Upbeat teachers Nikki Puchkov and Giselle Chan are recent graduates from the University of Toronto’s Faculty of Music. Nikki holds a Bachelor of Music Education with a minor in Historical Keyboard and History and Giselle holds a Bachelor of Music with a minor in French Language. Both teachers finished their degrees in April 2020.
When Upbeat teachers Nikki and Giselle first met during university orientation, little did they know that they would become not only good friends, but also coworkers in the future. Being in the same program, they shared many classes such as theory, history, and choir. They quickly bonded over their “nerdy” love for music theory—a subject commonly despised by most undergraduate music students. “Theory really helped me look at music differently,” Nikki says, “[it] made it easier to learn repertoire and teach it!” Nikki has had a lot of experience working as a collaborative pianist and accompanist, which requires her to quickly learn and absorb the music.
“There is a very technical and math-like side to theory,” Giselle explains, “it can get super complicated, but I loved researching and studying theory in university. That’s why I went on to take more advanced theory courses in my third and fourth year.” Theory also aided Nikki and Giselle in developing an interest in historical keyboard, and they went on to take classes in organ and harpsichord together. Harpsichord often requires a solid foundation of theory knowledge as there can be a lot of on-the-spot improvisation and analyses in the playing style.
Another course that they took together was conducting. “It was definitely a new experience for me,” Giselle said, “it’s a lot harder than just waving a stick around. It requires confidence, poise, trust, and so much more. As someone that never likes class presentations, it was definitely a course that pushed me out of my comfort zone!” For Nikki, she found choral conducting to be right up her alley. She began to serve as Assistant Conductor for the UTSC Ruckus Alumni and Community choir in addition to her role as their collaborative pianist.
Nikki began working with Upbeat Piano Studio in 2018 and Giselle in 2019. Both teachers were quick to bond with their students and developed a passion for working with children. Both teachers had taken various music education courses which were very useful in understanding the process of teaching piano. According to Nikki, the child education courses allowed her to “learn about stages of child development [and] plan out lessons that would be most effective for [her] students.” Similarly, Giselle took classes on the psychology of music education. “It’s really interesting to learn about the way the brain works when learning music—these courses really helped me in understanding and teaching my students,” she agreed.
Overall, both teachers had a great time in their four years at the University of Toronto’s Faculty of Music. Nikki reflects on her time there, realizing that “studying music in university exposed [her] to all the different kinds of music beyond just classical. Learning classical piano can be a really lonely process, and there can be little exposure to other kinds of music. In university, however, you meet new people and they all have various projects outside of “classical” or “jazz” music that they study. [She] loved being exposed to various mediums through which musicians express themselves!” Giselle agrees with her and reflects back on her time there as well. “It was definitely a cool experience to study music. It definitely came with a lot of work though. There were difficult, research-heavy courses that I took, but also some super fun ones, like Japanese Taiko Drumming. Nikki and I often spent time together in between classes to grab coffee and complain to each other about how tired we were,” she remembers, laughing, “But at the end of the day, we were always proud of our hard work and the musicians that we have become.”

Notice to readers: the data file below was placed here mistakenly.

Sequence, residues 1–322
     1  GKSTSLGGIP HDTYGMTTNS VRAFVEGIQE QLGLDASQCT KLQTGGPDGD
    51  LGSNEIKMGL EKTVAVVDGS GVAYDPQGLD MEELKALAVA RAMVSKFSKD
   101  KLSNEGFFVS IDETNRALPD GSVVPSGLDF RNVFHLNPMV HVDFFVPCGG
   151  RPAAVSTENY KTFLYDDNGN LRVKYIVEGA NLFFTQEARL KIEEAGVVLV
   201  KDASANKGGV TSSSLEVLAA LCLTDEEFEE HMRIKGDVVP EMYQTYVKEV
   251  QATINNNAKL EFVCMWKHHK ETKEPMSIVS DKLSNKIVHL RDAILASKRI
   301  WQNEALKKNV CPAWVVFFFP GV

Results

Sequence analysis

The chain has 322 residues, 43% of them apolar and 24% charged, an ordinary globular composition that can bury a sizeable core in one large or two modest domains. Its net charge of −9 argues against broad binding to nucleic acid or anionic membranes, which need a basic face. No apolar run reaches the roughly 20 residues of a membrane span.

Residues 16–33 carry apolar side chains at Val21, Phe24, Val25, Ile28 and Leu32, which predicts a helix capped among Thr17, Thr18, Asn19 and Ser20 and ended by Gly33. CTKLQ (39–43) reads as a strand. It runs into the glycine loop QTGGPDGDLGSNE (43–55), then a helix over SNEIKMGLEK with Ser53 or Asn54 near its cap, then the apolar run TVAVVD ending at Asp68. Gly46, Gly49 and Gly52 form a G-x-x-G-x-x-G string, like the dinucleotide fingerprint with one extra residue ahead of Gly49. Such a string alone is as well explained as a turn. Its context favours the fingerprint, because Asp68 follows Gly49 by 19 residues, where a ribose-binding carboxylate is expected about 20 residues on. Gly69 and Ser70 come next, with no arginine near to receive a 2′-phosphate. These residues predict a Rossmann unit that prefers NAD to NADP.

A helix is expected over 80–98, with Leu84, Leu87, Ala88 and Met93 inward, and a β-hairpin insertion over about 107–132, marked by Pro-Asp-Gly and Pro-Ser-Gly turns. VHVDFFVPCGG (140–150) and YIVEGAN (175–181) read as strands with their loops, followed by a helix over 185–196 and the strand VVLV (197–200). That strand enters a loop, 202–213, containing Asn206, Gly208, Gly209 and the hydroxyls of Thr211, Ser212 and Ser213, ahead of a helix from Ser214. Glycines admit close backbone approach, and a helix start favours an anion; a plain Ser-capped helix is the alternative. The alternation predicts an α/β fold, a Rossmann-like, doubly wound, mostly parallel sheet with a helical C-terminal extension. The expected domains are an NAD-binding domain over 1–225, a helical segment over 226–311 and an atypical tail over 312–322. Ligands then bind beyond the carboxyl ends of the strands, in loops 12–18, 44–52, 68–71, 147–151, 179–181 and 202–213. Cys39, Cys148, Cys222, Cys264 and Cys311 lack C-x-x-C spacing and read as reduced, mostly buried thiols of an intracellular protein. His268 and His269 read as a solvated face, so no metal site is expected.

Although their last year of university ended rather abruptly due to the pandemic, Nikki and Giselle are proud music graduates from the University of Toronto’s Faculty of Music. The pandemic did not come without hardship for most piano teachers, Nikki and Giselle included. Over the course of one weekend, piano lessons had been put on pause and school had been shut down. All teachers, not just music teachers, were to make a hasty switch to virtual teaching. Amidst final essays and online exams, Nikki and Giselle continued to be committed to their students—they encouraged students to continue with their piano lessons online, created new lesson approaches and plans for virtual learning, and even continued preparing students for piano exams. Even when Toronto entered Phase 3 and in-person lessons resumed, both teachers were careful in keeping their distance, wearing their masks, and always sanitizing their hands. “Ultimately, I love my students,” says Giselle, “I love working with them and watching them grow. It’s encouraging not only for them, but for myself as a teacher when I watch them improve and nurture their love for music.”
Giselle and Nikki continue to work as teachers at Upbeat Piano Studio and occasionally get together to drink coffee and play piano duets. Both teachers have room for new students and are available to teach new students—adults and children—during the daytime and evening. All new students are welcome!